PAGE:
Blake Butler (author)

From Wikipedia, the free encyclopedia

Blake Butler (born 1979) is an American writer and editor.[1][2] He edits the literature blog HTMLGIANT, and two journals: Lamination Colony, and concurrently with co-editor Ken Baumann, No Colony. His other writing has appeared in Birkensnake, The Believer, Unsaid, Fence, Willow Springs, The Lifted Brow, Opium Magazine, Gigantic and Black Warrior Review.[3] He also wrote a regular column for Vice Magazine.[4]

Butler attended Georgia Tech, where he majored in multi-media design. He went on to Bennington College for his Master of Fine Arts.[5]

Commentary on his works[edit]

Publishers Weekly has called him "an endlessly surprising, funny, and subversive writer".[6] About There Is No Year, Library Journal says, "This artfully crafted, stunning piece of nontraditional literature is recommended for contemporary literature fans looking for something out of the ordinary. Butler integrates unusual elements into his novel, such as interview-style monologs and in later chapters poetry-like stanzas. Also recommended for students of literature, psychology, and philosophy, as the distinctive writing style and creative insight into the minds of one family deserve analysis.[7] Kirkus Reviews says, "For those who like their prose fresh out of a cleaner and more traditional wellspring, Blake's writing can prove tedious at best and arduous at worst. But for those who lean toward writing that is more visceral, taxing or outright demanding of the reader, this might be the right cup of tea..."[8]



  1. ^ McCormack, JW. "A Surprising Kind of Art: PW Talks with Blake Butler". Publishers Weekly. Retrieved 18 July 2013.
  2. ^ "Blake Butler Just Wants Your Attention (and Your Money)". The L Magazine. 2 July 2009. Retrieved 18 July 2013.
  3. ^ "Blake Butler and What Happens When a Novelist Lives on the Internet". New York Observer. 9 March 2011. Retrieved 18 July 2013.
  4. ^ "Blake Butler".
  5. ^ Alexander, Andrew. "For author Blake Butler, it's an abstract world". Access Atlanta. Retrieved 18 July 2013.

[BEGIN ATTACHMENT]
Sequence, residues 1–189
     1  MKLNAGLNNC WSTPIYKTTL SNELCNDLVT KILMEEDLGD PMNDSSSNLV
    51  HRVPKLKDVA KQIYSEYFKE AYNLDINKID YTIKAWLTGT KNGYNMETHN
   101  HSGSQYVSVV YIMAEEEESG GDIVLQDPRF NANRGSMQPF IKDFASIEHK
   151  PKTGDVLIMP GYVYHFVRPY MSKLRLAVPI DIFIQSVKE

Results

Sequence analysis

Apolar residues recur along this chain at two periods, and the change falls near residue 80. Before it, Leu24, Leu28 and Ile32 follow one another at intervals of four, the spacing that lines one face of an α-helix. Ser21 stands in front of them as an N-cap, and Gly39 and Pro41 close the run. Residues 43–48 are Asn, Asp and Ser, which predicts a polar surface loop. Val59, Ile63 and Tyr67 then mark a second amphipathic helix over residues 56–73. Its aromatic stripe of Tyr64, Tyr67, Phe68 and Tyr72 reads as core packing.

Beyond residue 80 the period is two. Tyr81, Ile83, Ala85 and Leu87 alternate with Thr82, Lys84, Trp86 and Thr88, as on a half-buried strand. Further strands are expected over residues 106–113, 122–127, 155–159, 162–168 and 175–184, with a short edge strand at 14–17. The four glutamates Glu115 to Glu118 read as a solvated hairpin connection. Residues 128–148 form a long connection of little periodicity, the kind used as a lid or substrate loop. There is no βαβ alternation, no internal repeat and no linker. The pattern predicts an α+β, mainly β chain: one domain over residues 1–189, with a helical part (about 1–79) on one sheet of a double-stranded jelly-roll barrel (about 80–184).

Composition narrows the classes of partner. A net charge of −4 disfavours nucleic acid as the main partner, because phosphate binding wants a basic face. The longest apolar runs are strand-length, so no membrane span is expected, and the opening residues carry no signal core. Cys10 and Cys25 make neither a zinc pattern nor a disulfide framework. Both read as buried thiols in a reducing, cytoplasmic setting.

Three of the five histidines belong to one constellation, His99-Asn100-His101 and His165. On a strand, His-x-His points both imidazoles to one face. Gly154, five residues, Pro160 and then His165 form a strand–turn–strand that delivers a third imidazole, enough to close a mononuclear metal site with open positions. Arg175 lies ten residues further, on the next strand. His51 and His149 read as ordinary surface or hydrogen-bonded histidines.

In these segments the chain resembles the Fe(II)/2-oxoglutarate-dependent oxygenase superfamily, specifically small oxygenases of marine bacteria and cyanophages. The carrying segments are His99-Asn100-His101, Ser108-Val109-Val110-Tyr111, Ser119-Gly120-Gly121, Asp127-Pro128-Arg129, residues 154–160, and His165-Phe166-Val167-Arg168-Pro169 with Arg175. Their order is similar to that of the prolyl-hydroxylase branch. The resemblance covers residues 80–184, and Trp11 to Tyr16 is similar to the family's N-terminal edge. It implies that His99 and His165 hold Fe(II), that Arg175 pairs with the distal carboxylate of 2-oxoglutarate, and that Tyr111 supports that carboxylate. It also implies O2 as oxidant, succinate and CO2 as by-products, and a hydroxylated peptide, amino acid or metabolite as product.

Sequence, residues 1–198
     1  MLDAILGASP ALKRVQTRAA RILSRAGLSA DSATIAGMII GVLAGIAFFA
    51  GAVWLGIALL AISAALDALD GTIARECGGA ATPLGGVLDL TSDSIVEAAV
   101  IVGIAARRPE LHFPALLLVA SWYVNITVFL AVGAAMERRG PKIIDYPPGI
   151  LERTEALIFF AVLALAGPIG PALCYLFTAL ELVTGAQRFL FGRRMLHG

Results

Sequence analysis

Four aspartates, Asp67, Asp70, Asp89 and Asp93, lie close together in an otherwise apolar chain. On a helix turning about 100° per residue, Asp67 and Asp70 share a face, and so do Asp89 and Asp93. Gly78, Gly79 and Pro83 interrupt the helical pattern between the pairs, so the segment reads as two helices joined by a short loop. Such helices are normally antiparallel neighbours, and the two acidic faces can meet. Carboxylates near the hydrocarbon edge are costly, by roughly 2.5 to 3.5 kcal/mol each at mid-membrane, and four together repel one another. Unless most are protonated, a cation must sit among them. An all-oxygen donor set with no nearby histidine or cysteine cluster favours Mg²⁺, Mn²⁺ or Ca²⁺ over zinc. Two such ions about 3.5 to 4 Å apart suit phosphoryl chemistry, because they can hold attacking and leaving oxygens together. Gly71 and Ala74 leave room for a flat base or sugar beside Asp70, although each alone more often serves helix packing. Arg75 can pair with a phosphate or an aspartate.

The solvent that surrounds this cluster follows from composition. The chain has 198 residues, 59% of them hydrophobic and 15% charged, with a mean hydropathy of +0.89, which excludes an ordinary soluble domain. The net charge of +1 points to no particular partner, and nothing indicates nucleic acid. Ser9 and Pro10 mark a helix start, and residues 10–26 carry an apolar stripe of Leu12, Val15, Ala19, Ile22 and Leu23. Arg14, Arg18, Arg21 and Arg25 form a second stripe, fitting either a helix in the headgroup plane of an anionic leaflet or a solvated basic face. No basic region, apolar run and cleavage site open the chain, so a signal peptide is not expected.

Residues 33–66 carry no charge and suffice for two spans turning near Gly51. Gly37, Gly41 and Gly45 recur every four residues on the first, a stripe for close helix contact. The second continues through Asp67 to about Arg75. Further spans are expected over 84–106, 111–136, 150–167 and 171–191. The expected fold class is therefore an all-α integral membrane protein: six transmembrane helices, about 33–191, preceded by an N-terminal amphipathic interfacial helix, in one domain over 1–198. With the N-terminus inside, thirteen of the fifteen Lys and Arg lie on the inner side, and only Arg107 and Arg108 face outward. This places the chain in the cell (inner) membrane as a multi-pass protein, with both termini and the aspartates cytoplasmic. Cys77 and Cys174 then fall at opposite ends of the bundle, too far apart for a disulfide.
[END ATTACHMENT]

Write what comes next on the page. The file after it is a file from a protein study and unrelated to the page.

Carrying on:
6. ^ 2010. "There Is No Year." Publishers Weekly 257, no. 50: 27. MasterFILE Premier, EBSCOhost (accessed June 17, 2011).
  7. ^ Funk, Jennifer. 2011. "There Is No Year." Library Journal 136, no. 2: 50. MasterFILE Premier, EBSCOhost (accessed June 17, 2011).
  8. ^ 2011. "THERE IS NO YEAR." Kirkus Reviews 79, no. 1: 1. MasterFILE Premier, EBSCOhost (accessed June 17, 2011).
  9. ^ "Review: There Is No Year". Publishers Weekly. Retrieved 18 July 2013.
  10. ^ "Review: There is no Year". Kirkus Reviews. Retrieved 18 July 2013.
  11. ^ "Review: There is no Year". Book Verdict (Library Journal). Retrieved 18 July 2013.
  12. ^ Salvatore, Joseph (29 April 2011). "The Novel as Puzzle". NY Times. Retrieved 18 July 2013.
  13. ^ "Review: There Is No Year by Blake Butler". Time Out Boston. Retrieved 18 July 2013.
  14. ^ "Review: Nothing". Kirkus Reviews. Retrieved 18 July 2013.
  15. ^ Moyer, Justin (25 November 2011). ""Nothing: A Portrait of Insomnia" by Blake Butler". Washington Post. Archived from the original on 18 July 2013. Retrieved 18 July 2013.
  16. ^ "Review: Sky Saw". Publishers Weekly. Retrieved 18 July 2013.
  17. ^ "One". Roof Books. Retrieved 18 July 2013.
  18. ^ "One". Harper Perennial. Retrieved 22 October 2014.
  19. ^ "Alice Knott". Penguin Random House. Retrieved 11 July 2020.
  20. ^ "Aannex". Apocalypse Party. Retrieved 2022-07-19.
  21. ^ "Molly". Archway Editions. Retrieved 2022-12-16.
  22. ^ "UXA.GOV". Inside the Castle. Retrieved 2022-12-16.

External links[edit]